NEW CAR sales in Wexford fell by almost 12 per cent between January and October compared to the same period last year, according to the latest figures published by SIMI.
A total of 3,054 cars were sold in the county during the period, compared to 3,469 between January and October, 2016. The figures show that Wexford's share of the national market is virtually unchanged 2.38 per cent, compared to 2.34 per cent last year.
Nationally new cars were down 10.3 per cent to 130,504, compared to 145,468 during the same period last year, while October new sales were down 13.8 per cent.
At the same time, sales of used car imports surged 35.6 per cent between January and October this year, the sales driven by the weak value of Sterling against the Euro in the wake of continuing uncertaintly over Brexit.
The five top-selling brands were Volkswagen, Toyota, Ford, Hyundai and Nissan and top five selling models were the Hyundai Tucson, Volkswagen Golf, Nissan Qashqai, Skoda Octavia and Ford Focus.
The SIMI figures show petrol prices up 5.7 per cent and diesel prices up 5.3 per cent on September 2016.
The average price of a new car down 3.5 per cent on September 2016 and insurance costs are 14.3 per cent lower than September 2016 but average insurance costs in September were 44.8 per cent higher than in September 2013
The SIMI/DoneDeal report highlights that despite the Irish economy performing strongly this year and the expectation of this positivity continuing into 2018, the Motor Industry is not by contrast mirroring this strong growth.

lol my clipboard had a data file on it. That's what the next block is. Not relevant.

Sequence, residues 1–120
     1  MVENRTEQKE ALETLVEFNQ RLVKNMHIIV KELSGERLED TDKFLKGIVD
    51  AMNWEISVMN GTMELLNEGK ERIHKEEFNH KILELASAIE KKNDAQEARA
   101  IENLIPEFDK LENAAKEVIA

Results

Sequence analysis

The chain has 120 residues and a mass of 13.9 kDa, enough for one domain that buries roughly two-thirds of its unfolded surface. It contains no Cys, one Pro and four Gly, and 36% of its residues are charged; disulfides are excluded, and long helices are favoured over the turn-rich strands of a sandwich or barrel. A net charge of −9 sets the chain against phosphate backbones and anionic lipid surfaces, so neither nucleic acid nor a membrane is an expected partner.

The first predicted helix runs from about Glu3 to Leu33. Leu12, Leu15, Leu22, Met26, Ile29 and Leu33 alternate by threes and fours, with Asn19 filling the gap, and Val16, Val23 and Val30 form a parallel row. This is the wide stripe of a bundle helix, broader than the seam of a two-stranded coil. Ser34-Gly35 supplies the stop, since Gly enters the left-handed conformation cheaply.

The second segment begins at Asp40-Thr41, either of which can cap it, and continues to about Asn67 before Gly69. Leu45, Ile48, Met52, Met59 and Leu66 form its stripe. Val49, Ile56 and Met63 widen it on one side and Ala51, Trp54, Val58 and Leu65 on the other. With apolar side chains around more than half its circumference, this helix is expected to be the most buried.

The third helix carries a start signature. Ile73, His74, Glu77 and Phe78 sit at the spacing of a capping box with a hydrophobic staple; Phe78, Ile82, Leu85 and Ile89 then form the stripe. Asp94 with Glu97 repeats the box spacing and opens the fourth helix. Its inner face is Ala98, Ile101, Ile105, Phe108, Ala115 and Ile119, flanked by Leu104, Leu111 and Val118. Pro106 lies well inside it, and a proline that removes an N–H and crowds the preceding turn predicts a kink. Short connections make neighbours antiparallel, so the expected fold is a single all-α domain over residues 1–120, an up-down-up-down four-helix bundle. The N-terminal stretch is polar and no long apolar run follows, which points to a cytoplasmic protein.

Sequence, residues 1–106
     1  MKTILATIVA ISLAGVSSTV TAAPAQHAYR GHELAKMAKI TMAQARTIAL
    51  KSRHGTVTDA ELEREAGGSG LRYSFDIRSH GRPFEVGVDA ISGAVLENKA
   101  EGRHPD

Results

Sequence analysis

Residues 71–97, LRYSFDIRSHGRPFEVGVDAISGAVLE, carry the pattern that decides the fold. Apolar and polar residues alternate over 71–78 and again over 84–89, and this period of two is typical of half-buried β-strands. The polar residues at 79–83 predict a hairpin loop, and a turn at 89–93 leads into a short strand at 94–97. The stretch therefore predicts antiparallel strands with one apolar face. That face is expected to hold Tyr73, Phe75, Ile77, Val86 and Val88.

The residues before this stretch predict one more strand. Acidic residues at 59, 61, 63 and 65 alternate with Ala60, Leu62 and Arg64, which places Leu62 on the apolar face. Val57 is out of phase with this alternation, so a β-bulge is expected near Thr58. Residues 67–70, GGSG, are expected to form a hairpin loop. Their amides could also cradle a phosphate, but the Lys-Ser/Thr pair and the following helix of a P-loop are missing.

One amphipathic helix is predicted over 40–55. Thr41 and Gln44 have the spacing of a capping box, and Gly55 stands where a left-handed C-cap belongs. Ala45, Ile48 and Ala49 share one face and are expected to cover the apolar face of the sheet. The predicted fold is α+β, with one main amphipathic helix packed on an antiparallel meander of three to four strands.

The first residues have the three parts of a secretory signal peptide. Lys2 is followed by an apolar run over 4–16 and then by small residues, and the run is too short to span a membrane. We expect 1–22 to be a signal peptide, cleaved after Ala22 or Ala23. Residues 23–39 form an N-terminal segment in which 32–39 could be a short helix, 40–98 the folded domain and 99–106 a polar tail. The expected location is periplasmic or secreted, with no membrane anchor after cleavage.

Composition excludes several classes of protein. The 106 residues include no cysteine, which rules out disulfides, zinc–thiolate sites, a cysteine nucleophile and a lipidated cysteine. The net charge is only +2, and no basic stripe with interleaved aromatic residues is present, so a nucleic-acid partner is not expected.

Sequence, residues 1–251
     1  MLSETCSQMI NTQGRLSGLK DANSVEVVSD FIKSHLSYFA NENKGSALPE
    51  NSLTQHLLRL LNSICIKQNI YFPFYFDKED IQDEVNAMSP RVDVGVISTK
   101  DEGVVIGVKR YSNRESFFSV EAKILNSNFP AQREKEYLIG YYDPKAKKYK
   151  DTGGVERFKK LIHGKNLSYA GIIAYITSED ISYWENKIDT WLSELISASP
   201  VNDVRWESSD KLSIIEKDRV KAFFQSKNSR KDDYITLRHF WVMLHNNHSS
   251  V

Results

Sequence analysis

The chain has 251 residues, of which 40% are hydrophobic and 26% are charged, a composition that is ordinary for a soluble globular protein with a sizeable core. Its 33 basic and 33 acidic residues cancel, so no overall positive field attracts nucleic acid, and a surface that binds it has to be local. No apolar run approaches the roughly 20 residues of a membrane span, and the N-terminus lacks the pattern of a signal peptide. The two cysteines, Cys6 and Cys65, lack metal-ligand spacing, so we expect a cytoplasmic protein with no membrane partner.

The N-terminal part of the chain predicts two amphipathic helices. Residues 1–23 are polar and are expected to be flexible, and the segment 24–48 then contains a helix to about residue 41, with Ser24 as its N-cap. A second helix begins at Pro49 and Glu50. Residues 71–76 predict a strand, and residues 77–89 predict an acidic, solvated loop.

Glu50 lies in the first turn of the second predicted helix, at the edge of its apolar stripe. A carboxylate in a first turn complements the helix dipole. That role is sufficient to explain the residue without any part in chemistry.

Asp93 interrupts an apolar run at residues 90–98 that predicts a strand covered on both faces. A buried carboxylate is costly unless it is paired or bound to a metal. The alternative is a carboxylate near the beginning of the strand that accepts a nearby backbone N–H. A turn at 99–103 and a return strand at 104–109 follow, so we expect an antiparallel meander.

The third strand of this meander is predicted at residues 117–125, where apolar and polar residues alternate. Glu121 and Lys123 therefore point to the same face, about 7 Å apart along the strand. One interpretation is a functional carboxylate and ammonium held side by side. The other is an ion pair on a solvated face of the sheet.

New cars sales every month this year have been lower than their equivalent month in 2016. During the first nine months of 2017, new car sales declined in every county, with Mayo experiencing the largest decline at 19.28 per cent, while Dublin had the smallest decline of 5.4 per cent.
New car sales in Dublin, the largest market in the country, accounted for 41.63 per cent of the total new car market, the report showed.
Brexit related uncertainty and the weakness of sterling are impacting negatively on the Industry, with the increases in used imports impacting on the residual values of Irish new cars, which increases the cost to change for the consumer looking for a new or newer car.
In addition, with an increase in used imports of less than three years old, it is likely that some of these are displacing new car sales.
'The surge in used imports from the UK effectively means that those prices are now setting prices for the domestic second-hand car stock, and this is making the cost of change to a new car more expensive and is also serving to undermine new car sales,' said economist Jim Power.
'In normal circumstances, the positive economic backdrop would be expected to deliver growth of up to 20% in the new car market in 2018. However, the distortionary impact of sterling weakness and the associated surge in used imports from the UK will in all likelihood more than offset the positive economics.'
Mr Power is forecasting that used imports are likely to reach 97,000 in 2017 an increase of 34.4 per cent on 2016 while new car sales are to finish at around 131,650 a decline of 10.2% on last year.
This year has seen some rebalancing of fuel types in the market, the diesel share moving down from 70 per cent to 65 per cent and total hybrid and electric vehicles increasing from 2 per cent to 4 per cent in market share.